Still, as the rabbis go on to explain, that desire does not have to be wholehearted or mutual. Say that a man intended to have sex with his wife, but after he became erect, “his yevama grabbed hold of him and he had intercourse with her.” The Gemara leaves no doubt that it believes this could happen—in other words, that a man is not always physically stronger than a woman and might be unable to resist her advances. In such a case, the female is coercing the male into sex; but according to the mishna’s principle explained at the beginning, coercion in this sense is still valid. If the yevama can trick or force her brother-in-law into penetrating her, the levirate marriage takes effect. And the same is true if they are both physically forced—again, by “gentiles”—into the position of intercourse. Presumably, this scenario differs from the scenario in which the man is actually asleep because, as Rava said, the erection itself constitutes a man’s voluntary participation.

And what about if a man is erect, but does not intend to penetrate any woman at all, but rather to “press into a wall” and achieve orgasm that way—but then he accidentally penetrates his yevama? Again, the Talmud seems not to be contemplating an actual possibility—as if the woman were hiding behind a hole in the wall—but drawing conceptual distinctions. In this case, the rabbis are asking, is it possible to separate the bodily intention to have an orgasm, as attested by the erection, from the mental intention to have sex with a woman, which in the “wall” scenario is absent? The answer is yes: In this case, sex is not effective, and “he has not acquired her” for levirate marriage.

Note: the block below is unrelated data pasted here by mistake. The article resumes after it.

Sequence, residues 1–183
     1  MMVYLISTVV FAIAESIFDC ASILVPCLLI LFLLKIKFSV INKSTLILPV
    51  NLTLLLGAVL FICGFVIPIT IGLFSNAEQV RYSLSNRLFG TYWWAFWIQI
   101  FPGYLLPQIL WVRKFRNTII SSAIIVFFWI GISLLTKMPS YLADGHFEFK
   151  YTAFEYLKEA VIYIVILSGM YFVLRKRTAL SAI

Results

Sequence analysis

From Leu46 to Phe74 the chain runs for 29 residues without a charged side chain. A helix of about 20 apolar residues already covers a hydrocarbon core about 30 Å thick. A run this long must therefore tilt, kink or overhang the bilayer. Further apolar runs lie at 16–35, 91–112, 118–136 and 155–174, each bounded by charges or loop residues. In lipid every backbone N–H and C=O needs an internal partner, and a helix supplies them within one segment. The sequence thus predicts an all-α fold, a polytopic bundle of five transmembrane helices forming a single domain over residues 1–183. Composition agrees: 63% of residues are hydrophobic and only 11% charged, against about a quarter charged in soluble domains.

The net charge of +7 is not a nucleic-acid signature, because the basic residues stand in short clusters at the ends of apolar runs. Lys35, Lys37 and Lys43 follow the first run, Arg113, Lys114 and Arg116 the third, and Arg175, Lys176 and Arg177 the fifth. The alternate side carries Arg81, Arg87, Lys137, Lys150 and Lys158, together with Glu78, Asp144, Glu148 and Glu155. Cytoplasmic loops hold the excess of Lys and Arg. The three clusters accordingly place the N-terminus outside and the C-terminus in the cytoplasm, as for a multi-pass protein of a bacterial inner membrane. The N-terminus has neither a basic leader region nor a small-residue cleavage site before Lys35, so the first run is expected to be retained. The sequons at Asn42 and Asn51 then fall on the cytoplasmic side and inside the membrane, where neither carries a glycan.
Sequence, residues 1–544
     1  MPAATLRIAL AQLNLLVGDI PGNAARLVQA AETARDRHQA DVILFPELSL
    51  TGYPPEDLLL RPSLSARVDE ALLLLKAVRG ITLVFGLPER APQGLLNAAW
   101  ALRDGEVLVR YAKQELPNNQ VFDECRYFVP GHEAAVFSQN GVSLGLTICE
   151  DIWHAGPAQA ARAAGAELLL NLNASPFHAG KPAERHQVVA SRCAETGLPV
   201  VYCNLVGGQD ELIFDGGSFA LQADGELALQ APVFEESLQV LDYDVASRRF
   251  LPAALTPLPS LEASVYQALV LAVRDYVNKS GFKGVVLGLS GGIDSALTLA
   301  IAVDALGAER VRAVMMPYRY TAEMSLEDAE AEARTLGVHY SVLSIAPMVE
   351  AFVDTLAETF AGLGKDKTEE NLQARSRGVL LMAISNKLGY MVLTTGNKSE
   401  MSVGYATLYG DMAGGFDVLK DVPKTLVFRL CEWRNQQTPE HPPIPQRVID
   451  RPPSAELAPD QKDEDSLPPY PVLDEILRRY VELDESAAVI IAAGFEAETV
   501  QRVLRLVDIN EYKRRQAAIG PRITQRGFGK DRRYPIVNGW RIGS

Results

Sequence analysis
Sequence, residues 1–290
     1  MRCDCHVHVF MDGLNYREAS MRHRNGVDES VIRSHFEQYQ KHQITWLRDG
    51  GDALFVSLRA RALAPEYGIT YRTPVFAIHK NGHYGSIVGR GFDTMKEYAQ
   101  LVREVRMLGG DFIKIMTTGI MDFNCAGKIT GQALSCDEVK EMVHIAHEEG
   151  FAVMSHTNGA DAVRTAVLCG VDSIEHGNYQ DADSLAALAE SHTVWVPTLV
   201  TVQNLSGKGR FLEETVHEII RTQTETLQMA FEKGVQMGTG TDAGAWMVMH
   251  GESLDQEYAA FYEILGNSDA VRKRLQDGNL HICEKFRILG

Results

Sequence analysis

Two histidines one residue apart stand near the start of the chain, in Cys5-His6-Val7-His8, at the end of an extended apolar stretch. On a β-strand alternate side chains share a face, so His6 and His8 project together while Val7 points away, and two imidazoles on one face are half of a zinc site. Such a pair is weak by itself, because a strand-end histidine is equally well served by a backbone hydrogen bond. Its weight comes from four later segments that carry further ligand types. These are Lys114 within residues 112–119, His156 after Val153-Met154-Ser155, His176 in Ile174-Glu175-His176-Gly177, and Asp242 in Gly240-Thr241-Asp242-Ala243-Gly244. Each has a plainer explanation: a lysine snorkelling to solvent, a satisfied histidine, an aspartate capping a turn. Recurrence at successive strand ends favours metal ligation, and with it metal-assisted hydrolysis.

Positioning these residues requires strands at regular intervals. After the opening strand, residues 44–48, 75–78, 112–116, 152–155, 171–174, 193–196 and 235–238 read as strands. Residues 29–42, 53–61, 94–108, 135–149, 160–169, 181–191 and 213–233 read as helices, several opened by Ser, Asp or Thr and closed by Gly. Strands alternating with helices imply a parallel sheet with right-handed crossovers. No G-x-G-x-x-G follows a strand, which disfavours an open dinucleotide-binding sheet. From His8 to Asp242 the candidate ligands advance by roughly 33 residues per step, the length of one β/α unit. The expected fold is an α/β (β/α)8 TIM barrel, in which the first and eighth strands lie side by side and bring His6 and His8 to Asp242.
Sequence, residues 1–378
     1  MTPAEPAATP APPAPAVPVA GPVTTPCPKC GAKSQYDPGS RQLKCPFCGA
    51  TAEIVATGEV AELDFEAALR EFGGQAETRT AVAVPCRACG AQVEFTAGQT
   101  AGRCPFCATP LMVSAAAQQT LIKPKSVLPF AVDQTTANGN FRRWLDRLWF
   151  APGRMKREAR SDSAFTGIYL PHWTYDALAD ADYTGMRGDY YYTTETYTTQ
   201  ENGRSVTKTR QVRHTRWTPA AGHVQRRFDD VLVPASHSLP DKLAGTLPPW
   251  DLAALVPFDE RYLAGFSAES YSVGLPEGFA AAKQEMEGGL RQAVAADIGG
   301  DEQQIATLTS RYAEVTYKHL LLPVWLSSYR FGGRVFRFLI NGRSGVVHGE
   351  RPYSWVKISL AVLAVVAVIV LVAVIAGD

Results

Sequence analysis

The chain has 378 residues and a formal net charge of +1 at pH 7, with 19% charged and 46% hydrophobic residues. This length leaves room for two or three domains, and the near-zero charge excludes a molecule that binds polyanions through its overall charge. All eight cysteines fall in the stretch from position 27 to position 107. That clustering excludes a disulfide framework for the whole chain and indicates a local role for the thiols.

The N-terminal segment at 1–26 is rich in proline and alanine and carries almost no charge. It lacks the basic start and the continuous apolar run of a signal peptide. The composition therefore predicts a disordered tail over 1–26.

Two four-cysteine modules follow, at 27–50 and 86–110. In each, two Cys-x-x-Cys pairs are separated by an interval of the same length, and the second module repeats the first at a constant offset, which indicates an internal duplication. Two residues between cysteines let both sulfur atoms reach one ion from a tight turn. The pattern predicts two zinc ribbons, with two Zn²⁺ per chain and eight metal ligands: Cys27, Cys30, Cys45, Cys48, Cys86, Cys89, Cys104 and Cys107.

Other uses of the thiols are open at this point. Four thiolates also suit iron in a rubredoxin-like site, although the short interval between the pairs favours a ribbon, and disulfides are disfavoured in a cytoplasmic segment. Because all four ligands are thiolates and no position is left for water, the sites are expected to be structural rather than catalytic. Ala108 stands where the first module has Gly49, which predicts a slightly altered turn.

If, however, the man intends to penetrate an animal—something that is quite violently prohibited by Jewish law, but which the rabbis seem to contemplate with equanimity—and then ends up being tricked into penetrating his yevama, the law is different. In this case, the intention to have intercourse, even with an animal, is enough to make the sex voluntary, and so “he has acquired her, as he intended to act for the purpose of sexual intercourse in general.”